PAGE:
top of page

Ep. 64 - Self-Esteem and Your Marriage

Episode 64 Overview

This week I’m answering a listener question and I think it’s a topic that will be so fun to dive into. Let me start by reading what she wrote:

Could you discuss “the importance of self esteem: how both poor and healthy self-esteem can influence our relationships, and how to strengthen it. I realise that this is absolutely a backbone of all your material, but maybe it's worth revisiting a basic.”

Self esteem is definitely a hot topic, and it’s one of those things that we talk about so much that we actually can lose touch with SPECIFICALLY what it means. 

So let’s start by defining our terms.

Miriam-Webster defines self esteem as: “a confidence and satisfaction in oneself : SELF-RESPECT”

So essentially, self-esteem is nothing but the thoughts we have about ourselves. 

But that’s not how we talk about self esteem. The way we talk about self esteem, if someone didn’t have a clue what it was, it sounds more like a physical condition you have or don’t have. She doesn’t have self esteem. That will hurt her self esteem.

And since we discuss self esteem in this way so consistently, we start to act like it’s a physical thing we can control and grow and hurt and effect.

Not a series of thoughts.

We all have the thoughts we go back to the most. The way our brain is wired, the more we think a thought the easier and more automatic it becomes to think it --or sometimes a specific major event will just give us one really deeply embedded thought right away.

And the reason I want to break it down for you is this:

If I think I need to work on my self esteem, or I think I don’t have good self esteem, those are also thoughts. And neither one is terribly empowering.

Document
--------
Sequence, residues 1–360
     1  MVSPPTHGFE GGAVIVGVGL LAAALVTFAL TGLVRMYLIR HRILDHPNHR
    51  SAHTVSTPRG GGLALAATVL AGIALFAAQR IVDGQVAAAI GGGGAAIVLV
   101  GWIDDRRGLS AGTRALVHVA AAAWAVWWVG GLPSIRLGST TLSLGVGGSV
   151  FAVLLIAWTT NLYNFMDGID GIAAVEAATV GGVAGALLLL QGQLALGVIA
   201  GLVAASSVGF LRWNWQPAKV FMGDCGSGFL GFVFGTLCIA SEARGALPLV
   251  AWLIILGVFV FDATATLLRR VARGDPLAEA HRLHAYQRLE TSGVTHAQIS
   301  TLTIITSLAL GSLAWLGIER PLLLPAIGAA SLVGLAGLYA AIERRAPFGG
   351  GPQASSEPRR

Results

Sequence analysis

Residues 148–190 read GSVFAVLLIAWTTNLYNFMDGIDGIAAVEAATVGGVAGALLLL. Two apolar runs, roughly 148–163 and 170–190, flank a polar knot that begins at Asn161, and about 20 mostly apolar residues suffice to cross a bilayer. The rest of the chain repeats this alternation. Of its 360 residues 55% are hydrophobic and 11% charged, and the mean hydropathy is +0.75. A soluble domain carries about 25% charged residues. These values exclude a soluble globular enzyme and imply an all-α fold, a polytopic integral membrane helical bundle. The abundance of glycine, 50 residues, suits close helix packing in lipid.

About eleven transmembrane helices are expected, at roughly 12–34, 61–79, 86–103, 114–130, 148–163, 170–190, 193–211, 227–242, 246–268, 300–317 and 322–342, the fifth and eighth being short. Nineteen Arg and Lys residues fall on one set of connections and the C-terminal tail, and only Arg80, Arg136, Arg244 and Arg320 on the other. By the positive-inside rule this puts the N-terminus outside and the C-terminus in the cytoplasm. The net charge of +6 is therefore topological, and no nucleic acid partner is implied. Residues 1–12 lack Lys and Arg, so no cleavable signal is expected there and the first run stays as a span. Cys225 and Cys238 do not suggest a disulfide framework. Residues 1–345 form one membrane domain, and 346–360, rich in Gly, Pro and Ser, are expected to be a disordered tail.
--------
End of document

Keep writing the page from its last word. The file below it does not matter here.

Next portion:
So I want to offer to you that self esteem isn’t really a thing. It’s not. You can’t touch it or measure it. No two people will exactly agree on it. It’s totally subjective. Can you see that?

And when you don’t have a thing called “self esteem” that is causing you to act a certain way or that you need to work on or that he has a problem with (I’ve coached on all of those, multiple times), what are you left with?

What you’re left with is a question: why did I act that way?

And it always comes back to a thought.

I don’t know what I’m doing.

I don’t know how to be married.

I’m no good at this.

I can’t learn.

The exercise I’ve been doing with all of my clients lately that is just my new favorite is imagining yourself at a train station.

The commuter train you always took before you hop on without even noticing.

The train that goes downtown to the dangerous neighborhood you let fly by.

And you can just sit in the station and watch them all go by.

In fact, I recommend it.

So let’s sit in the “self” train station.

What trains show up?

You probably have a lot. I recommend a brain dump. Write “ME” at the top of the page and write them all down. Set a timer for ten minutes and just free write.

Then look at all the trains.

Remember, trains always take you somewhere.

“I’m no good at this.” Where does that train go?

Maybe you don’t want to get on that train.

I’m more interested in the person you can be than how accurately you’ve described all your shortcomings.

And there are no thought police! Nobody is coming to check!

I still have negative thoughts about myself. But I just don’t spend so much time there unless I feel I need to do some major soul searching. Which sometimes I do. And I make changes.

So the most motivating thing, I think, is to remember: how do I want to show up?

How do you want to show up in your marriage? 

Are you willing to skip some of your comfortable, recognizable trains to get there?

Are you able to focus on HIM and what you’re BUILDING and not on you?

Stop riding those trains. Let them get old and rusty.

Get clear on where you want to go. Then you’ll have a better idea of how to get there.

To take this work deeper and learn the critical research that will help you understand and support your husband and your marriage better, check out the First Year Married course at Join in March and be part of our March challenge!

2 views0 comments


Discover why Jewish women love How to Glow


Never miss an update

Thanks for submitting!

bottom of page